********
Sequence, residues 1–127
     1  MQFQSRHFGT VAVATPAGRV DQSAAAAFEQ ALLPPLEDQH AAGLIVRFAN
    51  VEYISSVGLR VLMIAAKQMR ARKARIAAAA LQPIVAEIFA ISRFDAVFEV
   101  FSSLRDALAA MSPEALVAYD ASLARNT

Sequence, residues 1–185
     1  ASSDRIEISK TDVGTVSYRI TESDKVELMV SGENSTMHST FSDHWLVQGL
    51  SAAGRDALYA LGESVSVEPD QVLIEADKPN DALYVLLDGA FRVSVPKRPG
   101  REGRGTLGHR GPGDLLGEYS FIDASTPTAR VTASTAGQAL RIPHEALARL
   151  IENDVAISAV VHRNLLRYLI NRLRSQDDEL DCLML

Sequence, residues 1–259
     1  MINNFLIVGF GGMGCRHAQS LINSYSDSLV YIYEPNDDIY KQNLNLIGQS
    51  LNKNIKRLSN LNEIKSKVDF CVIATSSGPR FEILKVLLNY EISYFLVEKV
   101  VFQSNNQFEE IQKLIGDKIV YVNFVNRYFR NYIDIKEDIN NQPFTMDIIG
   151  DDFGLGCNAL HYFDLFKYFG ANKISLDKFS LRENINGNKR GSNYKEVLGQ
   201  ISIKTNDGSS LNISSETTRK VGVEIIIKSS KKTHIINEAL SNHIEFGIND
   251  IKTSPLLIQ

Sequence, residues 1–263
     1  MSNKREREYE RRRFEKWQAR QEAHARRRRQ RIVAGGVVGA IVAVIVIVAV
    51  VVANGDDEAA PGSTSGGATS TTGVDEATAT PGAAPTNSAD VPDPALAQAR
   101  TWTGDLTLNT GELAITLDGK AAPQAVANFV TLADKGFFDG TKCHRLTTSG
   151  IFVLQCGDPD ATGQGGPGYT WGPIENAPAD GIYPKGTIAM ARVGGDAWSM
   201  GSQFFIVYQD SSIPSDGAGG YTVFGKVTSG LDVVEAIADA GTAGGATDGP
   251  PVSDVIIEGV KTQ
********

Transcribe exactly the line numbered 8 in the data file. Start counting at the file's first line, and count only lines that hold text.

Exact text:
   101  REGRGTLGHR GPGDLLGEYS FIDASTPTAR VTASTAGQAL RIPHEALARL